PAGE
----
Sydney, Apr.29 (ANI): Former Pakistan off-spinner Saqlain Mushtaq, who took 208 wickets in 49 Tests and nows plays for Burslem in North Staffordshire and South Cheshire league in England, has said he is willing to impart the techniques of doosra bowling to a new generation of Australian off spinners.
"If there is any opportunity for me to work in Australia, I would love to take that opportunity. I can teach them [doosra] if they want my services," Saqlain told the Sydney Morning Herald.
Australian off spinners, including Nathan Hauritz, Jason Krejza and Dan Cullen, are all experimenting with the delivery in the nets.
Cullen, the 25-year-old South Australian who has played one Test, boasted of having mastered the art, but Hauritz said no one had ever seen it.
Krejza and Hauritz have got a version of the doosra to go straight. Making it turn away from right-handed batsmen is a different matter entirely.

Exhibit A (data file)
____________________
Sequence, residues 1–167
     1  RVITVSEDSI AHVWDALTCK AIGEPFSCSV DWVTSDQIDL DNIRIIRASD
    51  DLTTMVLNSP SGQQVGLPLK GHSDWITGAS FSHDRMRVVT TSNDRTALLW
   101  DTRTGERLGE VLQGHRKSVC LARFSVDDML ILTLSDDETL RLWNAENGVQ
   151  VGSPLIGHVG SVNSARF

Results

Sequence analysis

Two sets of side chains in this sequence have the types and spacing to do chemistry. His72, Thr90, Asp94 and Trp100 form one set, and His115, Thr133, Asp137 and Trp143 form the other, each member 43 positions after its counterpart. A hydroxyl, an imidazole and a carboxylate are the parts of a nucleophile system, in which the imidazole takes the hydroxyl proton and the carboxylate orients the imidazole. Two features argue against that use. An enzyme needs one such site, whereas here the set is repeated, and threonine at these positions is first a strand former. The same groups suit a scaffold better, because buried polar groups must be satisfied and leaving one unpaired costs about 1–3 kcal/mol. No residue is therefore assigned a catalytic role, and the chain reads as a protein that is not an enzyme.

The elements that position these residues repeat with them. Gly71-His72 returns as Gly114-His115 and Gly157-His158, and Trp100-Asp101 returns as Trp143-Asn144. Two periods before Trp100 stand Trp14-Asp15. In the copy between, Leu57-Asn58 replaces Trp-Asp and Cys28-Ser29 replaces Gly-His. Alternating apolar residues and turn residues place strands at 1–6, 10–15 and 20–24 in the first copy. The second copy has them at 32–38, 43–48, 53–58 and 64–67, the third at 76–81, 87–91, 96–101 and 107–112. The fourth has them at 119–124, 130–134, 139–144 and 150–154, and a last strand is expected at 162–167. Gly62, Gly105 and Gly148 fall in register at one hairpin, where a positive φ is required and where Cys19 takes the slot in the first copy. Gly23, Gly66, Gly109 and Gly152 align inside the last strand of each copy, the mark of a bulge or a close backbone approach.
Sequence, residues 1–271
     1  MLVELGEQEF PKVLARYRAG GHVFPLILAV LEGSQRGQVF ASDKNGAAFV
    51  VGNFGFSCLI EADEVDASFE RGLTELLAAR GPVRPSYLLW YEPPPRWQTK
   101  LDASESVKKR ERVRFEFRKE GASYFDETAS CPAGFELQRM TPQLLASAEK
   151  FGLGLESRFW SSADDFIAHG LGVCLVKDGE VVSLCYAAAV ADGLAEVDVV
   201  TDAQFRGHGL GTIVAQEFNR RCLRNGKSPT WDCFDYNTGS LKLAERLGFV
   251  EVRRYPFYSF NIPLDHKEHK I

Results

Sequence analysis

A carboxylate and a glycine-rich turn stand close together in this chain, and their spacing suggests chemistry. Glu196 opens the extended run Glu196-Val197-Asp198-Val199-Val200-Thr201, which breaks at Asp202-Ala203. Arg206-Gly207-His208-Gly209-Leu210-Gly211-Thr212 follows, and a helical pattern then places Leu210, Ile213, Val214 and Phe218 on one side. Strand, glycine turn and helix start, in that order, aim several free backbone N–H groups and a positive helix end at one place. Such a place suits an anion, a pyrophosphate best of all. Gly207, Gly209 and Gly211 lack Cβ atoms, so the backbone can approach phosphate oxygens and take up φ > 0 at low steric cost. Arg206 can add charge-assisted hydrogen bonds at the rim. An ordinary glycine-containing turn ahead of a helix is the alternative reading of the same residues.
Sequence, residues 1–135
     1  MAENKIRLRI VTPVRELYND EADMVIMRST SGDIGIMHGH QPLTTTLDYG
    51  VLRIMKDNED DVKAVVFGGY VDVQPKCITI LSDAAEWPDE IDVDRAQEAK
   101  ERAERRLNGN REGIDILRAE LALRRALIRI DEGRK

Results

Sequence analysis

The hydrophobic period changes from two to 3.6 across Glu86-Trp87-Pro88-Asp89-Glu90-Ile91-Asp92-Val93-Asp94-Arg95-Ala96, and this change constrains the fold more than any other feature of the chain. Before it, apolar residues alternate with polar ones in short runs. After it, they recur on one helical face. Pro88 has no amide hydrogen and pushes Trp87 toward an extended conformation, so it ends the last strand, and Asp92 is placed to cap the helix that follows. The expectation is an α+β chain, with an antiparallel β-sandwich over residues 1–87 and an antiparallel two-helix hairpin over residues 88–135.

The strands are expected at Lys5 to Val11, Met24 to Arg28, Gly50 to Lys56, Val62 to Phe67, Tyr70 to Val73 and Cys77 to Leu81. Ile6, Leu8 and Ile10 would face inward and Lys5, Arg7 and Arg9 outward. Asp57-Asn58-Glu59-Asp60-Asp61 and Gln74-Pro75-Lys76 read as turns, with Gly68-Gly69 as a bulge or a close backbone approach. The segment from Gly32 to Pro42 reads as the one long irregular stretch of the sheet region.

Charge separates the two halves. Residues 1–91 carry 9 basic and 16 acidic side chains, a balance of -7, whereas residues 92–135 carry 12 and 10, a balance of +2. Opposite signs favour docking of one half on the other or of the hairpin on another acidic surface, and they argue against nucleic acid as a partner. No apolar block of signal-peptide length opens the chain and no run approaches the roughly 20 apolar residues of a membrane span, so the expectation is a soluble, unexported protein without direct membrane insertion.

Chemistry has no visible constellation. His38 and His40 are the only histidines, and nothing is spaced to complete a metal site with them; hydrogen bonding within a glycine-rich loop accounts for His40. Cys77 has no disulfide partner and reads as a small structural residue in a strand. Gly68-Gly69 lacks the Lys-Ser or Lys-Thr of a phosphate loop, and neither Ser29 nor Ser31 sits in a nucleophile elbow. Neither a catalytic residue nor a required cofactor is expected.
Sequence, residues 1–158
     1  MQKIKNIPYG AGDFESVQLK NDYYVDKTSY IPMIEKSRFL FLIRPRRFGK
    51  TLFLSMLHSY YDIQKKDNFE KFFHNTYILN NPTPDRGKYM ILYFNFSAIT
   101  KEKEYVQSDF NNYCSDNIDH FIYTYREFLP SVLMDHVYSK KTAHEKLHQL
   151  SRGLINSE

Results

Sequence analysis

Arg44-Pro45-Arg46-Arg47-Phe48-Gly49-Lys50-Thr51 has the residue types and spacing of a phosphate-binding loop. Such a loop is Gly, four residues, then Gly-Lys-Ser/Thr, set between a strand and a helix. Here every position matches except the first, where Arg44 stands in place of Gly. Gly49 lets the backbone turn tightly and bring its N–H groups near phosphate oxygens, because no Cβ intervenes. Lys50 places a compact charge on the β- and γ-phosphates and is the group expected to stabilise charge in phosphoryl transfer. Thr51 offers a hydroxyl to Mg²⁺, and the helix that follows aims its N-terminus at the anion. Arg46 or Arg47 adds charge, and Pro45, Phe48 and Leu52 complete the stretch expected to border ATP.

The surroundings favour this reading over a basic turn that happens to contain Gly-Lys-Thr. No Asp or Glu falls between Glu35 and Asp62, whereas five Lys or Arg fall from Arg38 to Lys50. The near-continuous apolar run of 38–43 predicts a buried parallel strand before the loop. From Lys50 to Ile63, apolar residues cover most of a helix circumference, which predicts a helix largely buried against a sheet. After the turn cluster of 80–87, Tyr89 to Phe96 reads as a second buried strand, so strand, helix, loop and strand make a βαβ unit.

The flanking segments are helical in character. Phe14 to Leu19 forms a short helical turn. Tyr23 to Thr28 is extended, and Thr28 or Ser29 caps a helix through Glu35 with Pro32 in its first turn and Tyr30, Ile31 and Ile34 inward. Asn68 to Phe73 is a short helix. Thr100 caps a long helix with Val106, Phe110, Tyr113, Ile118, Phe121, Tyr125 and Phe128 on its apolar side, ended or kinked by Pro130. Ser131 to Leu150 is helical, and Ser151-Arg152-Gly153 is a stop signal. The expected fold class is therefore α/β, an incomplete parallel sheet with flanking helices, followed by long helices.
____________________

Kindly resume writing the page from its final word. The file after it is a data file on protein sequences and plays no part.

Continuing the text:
Hauritz has been working on the ball for two years in the nets, but bowls only about 10 doosras three times a week because it causes so much discomfort.
The main barriers to bowling the doosra are flexibility and the need for a front-on approach at the bowling crease, with Australian off spinners all coached to remain side-on.
Saqlain is convinced the doosra can be bowled in accordance with the ICC rules, which outlaw elbow flexion of more than 15 degrees.
While the focus is generally on the elbow, Saqlain said the whole body, particularly the front foot, was essential to keeping the doosra a legal delivery.
"When you plant the front foot, use your shoulder and lock the wrist you can do it without bending your arm. But if there is a problem in the front foot, in the wrist or in the balance, then you can't do it," he said.
The leading exponents of the doosra, Sri Lanka's Muttiah Muralitharan and India's Harbhajan Singh, were both reported for the manner in which they bowled the delivery but were subsequently cleared. (ANI)